This chapter looks at cases of reparation in terms of property rights. It looks at the Rosewood Massacre, for example, where the houses of African American families were burned down by a mob as a result of Fannie Taylor's false assertion that a black man had raped her. Reparations were given to the families of survivors as payment for the injustices done to them. Such reparations are often seen as an effort to make up for illegal seizures of property. The Indian Claims Commission Act of 1946 is another example of such a case of reparation. In Germany, the Czech Republic, and Hungary also went through a process of restoration of properties to rightful owners, properties that had been confiscated by the Nazis and Communist regimes shortly after World War II. Reparation has within it certain dilemmas. These dilemmas are further explored and discussed in the chapter.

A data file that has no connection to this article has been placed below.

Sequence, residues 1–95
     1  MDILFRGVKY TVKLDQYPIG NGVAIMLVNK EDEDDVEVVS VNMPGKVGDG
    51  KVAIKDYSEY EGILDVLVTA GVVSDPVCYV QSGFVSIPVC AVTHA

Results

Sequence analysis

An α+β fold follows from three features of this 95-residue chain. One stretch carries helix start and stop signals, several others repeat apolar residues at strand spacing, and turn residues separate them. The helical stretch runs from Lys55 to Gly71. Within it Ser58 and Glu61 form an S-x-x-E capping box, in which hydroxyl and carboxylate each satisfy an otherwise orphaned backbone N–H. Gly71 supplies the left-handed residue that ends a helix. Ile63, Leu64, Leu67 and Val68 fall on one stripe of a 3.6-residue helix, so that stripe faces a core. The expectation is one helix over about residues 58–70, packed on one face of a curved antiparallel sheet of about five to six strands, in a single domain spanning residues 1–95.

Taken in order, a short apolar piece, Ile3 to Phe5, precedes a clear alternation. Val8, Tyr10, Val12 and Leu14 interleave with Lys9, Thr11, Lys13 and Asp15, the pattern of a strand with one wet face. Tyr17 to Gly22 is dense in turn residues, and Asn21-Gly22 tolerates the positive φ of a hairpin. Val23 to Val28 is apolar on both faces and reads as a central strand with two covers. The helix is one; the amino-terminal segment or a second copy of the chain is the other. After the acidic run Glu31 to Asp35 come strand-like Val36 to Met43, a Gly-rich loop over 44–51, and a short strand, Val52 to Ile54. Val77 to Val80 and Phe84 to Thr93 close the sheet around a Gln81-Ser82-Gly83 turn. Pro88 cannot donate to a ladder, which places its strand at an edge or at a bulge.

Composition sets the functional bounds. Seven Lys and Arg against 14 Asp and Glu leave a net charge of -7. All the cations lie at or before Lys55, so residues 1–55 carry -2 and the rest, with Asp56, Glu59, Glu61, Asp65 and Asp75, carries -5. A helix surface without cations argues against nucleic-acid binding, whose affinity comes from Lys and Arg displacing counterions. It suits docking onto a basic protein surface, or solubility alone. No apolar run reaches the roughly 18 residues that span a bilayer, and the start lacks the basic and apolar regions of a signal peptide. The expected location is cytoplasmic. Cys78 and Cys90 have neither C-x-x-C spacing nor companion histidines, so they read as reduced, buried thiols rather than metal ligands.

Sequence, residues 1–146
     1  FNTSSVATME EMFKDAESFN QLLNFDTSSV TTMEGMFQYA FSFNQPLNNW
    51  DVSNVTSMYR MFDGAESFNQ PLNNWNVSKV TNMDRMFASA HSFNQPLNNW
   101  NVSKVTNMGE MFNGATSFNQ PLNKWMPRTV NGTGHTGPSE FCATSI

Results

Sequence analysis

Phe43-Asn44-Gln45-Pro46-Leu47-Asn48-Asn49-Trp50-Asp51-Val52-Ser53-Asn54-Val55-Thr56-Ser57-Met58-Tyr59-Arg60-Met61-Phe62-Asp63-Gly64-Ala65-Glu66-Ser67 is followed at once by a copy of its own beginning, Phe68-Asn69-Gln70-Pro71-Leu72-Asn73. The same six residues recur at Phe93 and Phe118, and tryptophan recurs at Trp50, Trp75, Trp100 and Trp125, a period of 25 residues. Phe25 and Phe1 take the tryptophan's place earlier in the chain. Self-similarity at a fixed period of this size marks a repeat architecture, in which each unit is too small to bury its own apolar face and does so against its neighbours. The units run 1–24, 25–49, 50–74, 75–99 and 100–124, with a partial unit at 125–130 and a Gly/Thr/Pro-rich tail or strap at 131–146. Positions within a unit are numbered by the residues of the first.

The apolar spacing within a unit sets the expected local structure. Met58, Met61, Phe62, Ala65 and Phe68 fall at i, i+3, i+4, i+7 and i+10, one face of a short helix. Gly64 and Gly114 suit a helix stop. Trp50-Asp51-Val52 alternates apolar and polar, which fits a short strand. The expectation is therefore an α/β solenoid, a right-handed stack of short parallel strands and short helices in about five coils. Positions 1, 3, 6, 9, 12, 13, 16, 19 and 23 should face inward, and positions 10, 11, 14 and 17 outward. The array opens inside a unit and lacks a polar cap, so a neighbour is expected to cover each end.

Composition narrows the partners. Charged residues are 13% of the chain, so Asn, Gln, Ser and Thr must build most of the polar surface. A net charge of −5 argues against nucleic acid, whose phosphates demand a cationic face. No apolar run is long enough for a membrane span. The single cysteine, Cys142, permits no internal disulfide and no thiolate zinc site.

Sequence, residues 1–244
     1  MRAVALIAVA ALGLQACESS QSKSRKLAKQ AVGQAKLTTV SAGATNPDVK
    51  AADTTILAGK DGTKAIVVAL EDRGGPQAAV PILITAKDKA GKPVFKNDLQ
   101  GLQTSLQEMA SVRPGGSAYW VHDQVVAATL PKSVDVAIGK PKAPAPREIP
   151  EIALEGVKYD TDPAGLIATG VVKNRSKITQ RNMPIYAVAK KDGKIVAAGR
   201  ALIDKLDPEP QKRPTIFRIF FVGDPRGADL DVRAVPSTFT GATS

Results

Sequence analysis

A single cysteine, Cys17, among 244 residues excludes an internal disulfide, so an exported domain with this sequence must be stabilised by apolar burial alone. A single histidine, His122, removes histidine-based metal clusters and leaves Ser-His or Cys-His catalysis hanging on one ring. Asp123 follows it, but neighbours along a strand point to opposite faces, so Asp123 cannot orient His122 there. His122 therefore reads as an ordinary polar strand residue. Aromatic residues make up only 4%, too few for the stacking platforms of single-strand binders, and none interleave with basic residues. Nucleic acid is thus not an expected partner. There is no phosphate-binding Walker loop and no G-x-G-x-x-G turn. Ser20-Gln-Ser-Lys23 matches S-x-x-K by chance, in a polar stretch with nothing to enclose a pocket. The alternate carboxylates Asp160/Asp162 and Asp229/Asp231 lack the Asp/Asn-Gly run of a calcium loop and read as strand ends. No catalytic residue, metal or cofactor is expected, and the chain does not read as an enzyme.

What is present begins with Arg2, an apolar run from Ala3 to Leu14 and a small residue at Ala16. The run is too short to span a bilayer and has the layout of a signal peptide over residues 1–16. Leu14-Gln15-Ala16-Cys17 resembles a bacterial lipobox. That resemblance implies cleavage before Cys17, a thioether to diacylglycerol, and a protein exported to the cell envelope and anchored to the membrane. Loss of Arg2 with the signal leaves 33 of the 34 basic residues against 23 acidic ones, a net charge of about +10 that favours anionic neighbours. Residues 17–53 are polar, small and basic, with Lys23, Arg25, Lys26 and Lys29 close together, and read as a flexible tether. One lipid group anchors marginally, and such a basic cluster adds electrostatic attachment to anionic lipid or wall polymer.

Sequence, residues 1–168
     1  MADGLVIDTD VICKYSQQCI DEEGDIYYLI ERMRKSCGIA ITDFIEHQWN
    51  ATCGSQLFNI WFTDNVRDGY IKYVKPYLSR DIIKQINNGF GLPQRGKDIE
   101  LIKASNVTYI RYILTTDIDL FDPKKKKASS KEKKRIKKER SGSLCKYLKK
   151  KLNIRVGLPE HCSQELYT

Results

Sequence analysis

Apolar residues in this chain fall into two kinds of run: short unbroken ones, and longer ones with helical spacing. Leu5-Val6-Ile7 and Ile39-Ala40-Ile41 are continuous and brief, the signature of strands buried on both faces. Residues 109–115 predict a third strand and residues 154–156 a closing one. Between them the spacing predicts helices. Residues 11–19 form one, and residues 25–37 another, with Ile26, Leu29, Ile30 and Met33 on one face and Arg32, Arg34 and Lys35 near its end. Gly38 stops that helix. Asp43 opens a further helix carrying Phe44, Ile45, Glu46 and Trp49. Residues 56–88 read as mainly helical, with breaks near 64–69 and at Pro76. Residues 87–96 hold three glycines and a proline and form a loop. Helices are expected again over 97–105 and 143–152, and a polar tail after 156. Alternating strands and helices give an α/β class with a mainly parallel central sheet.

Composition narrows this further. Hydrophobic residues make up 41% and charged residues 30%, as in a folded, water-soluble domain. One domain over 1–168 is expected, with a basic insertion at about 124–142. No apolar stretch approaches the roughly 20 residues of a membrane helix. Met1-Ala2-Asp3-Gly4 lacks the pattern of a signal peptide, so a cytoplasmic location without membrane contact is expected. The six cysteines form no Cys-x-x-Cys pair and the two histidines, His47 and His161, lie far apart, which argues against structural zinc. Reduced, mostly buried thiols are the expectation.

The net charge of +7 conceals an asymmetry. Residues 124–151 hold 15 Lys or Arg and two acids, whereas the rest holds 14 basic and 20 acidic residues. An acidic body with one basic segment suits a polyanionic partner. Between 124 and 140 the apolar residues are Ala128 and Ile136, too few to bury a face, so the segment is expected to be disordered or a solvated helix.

Yale Scholarship Online requires a subscription or purchase to access the full text of books within the service. Public users can however freely search the site and view the abstracts and keywords for each book and chapter.
If you think you should have access to this title, please contact your librarian.
To troubleshoot, please check our FAQs , and if you can't find the answer there, please contact us.